With its views of downtown city lights and scenic vistas of the majestic San Gabriel Mountains, the Mount Washington neighborhood offers residents the best of rural and urban living. Nestled in the hills of northeastern Los Angeles, the area has a rich and varied history. The community was founded in 1909 as a subdivision when the Mount Washington Railway Company established a rail line as an alternative to constructing roads up the steep hillsides. The railroad operated until 1919.
Homes in Mount Washington are custom-built and vary considerably in design and age. There are Craftsman homes built from 1900 through the 1920s, traditional-style homes constructed in the 1940s, contemporary-style residences from the 1960s, and farmhouses and ranch-style homes ranging in age from the 1920s to the 1990s. Some of the properties sit on an acre or more of land. The neighborhood is bounded by the Glendale Freeway (Interstate 2) and York Boulevard to the north, the Pasadena Freeway (Interstate 110) to the east and south, and San Fernando Road to the west. The neighborhood is primarily comprised of single-family homes, though there are a variety of restaurants and shops scattered throughout the community.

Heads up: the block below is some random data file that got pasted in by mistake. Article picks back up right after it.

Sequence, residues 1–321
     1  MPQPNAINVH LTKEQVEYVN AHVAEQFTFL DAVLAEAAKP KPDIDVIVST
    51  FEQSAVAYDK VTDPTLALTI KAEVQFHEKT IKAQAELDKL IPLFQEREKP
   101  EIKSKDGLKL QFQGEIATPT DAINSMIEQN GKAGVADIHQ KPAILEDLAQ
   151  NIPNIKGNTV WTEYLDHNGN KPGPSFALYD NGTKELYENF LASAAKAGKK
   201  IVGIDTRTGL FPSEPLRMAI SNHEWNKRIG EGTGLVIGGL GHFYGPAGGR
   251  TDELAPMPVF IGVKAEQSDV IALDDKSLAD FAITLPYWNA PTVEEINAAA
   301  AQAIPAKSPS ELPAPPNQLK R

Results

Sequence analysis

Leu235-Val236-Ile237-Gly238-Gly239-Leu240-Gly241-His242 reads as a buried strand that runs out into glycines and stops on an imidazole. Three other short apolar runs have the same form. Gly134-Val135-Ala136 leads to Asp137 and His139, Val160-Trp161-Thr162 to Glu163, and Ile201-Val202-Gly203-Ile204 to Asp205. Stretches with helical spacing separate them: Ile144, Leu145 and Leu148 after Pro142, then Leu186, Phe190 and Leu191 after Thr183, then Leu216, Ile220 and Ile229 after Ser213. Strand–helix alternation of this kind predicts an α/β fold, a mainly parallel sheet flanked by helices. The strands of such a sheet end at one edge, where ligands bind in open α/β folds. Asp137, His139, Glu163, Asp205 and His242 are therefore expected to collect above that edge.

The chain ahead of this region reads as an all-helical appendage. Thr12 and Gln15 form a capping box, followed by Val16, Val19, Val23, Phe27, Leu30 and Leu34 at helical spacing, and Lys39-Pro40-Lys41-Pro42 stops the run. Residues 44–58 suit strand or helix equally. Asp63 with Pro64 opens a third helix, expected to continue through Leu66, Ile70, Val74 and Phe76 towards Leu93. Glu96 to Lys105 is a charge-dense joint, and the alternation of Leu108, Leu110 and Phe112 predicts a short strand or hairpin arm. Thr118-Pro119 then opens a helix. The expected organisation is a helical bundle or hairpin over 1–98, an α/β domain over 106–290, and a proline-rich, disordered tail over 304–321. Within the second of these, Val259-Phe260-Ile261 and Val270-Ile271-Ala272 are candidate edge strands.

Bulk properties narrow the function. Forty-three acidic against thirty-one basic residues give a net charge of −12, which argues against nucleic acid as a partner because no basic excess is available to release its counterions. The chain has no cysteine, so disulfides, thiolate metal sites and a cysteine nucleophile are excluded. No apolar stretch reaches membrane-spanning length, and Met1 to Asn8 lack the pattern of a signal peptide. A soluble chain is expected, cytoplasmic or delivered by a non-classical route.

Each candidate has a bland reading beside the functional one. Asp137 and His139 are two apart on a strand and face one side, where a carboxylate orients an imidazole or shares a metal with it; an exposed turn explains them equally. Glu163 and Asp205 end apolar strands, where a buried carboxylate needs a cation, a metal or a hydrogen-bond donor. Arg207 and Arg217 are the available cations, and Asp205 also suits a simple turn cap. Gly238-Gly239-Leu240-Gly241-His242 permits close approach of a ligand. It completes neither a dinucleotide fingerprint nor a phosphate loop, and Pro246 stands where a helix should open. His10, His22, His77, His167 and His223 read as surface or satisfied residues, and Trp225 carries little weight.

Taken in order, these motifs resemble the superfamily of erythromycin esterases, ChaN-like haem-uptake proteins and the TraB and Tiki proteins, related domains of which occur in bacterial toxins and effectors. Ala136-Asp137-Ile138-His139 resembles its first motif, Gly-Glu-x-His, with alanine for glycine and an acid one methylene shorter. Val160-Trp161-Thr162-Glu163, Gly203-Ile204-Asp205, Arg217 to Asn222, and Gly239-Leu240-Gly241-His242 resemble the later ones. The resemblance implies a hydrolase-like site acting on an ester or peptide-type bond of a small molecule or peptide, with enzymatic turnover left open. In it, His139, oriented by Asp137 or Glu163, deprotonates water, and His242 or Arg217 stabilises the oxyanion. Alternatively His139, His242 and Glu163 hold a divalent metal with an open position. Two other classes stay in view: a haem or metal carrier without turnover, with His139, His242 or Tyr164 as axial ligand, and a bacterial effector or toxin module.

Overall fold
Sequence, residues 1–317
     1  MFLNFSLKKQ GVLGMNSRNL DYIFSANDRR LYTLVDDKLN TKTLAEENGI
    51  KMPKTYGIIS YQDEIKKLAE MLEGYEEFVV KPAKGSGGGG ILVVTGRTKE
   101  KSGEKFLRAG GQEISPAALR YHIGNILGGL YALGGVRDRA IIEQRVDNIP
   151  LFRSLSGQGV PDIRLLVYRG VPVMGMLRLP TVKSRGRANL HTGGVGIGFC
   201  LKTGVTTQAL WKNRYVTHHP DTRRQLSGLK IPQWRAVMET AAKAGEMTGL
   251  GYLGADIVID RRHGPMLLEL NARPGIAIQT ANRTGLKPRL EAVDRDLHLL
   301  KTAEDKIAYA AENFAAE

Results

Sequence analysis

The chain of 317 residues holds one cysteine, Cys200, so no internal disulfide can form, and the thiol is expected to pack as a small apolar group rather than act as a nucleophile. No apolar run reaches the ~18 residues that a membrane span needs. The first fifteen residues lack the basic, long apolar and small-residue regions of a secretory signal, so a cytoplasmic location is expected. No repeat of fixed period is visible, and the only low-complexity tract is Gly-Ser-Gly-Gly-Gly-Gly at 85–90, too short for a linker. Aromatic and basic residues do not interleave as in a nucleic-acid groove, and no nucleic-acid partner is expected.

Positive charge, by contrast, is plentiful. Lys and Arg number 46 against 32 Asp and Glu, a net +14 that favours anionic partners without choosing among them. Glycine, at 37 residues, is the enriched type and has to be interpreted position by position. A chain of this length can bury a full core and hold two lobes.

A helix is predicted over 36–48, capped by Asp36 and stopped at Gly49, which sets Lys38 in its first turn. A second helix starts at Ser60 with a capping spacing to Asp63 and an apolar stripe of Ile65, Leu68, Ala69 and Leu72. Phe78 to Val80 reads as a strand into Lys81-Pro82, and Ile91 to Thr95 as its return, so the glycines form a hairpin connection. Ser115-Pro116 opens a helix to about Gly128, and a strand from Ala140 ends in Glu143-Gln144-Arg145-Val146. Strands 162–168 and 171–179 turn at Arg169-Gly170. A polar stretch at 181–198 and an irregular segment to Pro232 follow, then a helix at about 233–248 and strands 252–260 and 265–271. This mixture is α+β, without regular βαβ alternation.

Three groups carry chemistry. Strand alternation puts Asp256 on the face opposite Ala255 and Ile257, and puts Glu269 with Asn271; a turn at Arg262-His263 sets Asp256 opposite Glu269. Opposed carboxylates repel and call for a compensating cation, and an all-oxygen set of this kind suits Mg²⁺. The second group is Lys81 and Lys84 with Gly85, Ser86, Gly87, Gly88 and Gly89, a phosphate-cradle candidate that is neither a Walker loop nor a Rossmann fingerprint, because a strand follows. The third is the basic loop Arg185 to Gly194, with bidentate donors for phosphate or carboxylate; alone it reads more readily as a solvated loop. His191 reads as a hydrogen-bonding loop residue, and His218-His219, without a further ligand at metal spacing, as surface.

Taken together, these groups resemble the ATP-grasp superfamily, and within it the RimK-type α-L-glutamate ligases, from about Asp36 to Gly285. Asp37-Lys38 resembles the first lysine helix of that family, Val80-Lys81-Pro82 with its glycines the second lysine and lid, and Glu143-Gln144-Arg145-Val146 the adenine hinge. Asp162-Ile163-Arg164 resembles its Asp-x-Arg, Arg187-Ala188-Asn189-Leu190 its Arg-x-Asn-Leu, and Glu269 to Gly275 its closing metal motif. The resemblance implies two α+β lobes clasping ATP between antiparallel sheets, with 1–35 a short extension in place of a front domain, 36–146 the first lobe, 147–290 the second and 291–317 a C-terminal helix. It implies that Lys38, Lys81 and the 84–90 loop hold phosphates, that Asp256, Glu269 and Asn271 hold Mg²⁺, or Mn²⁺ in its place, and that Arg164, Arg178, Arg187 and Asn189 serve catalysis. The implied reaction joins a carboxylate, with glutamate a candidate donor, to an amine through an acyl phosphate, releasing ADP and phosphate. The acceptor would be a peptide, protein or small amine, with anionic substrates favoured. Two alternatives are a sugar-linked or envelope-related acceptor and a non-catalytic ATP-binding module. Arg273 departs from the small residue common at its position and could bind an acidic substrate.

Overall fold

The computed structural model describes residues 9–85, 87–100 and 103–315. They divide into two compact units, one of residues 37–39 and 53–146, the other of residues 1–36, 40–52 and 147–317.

Of the many appealing aspects of Mount Washington is the Ernest E. Debs Regional Park, which is located in the southeast quadrant of the community. This 300-acre park contains hiking trails and picnic areas, and is the home for a variety of native and migratory birds, as well as endangered vegetation such as the California black walnut tree. The park also features the Audubon Nature and Science Center, which provides environmental educational programs for local school children.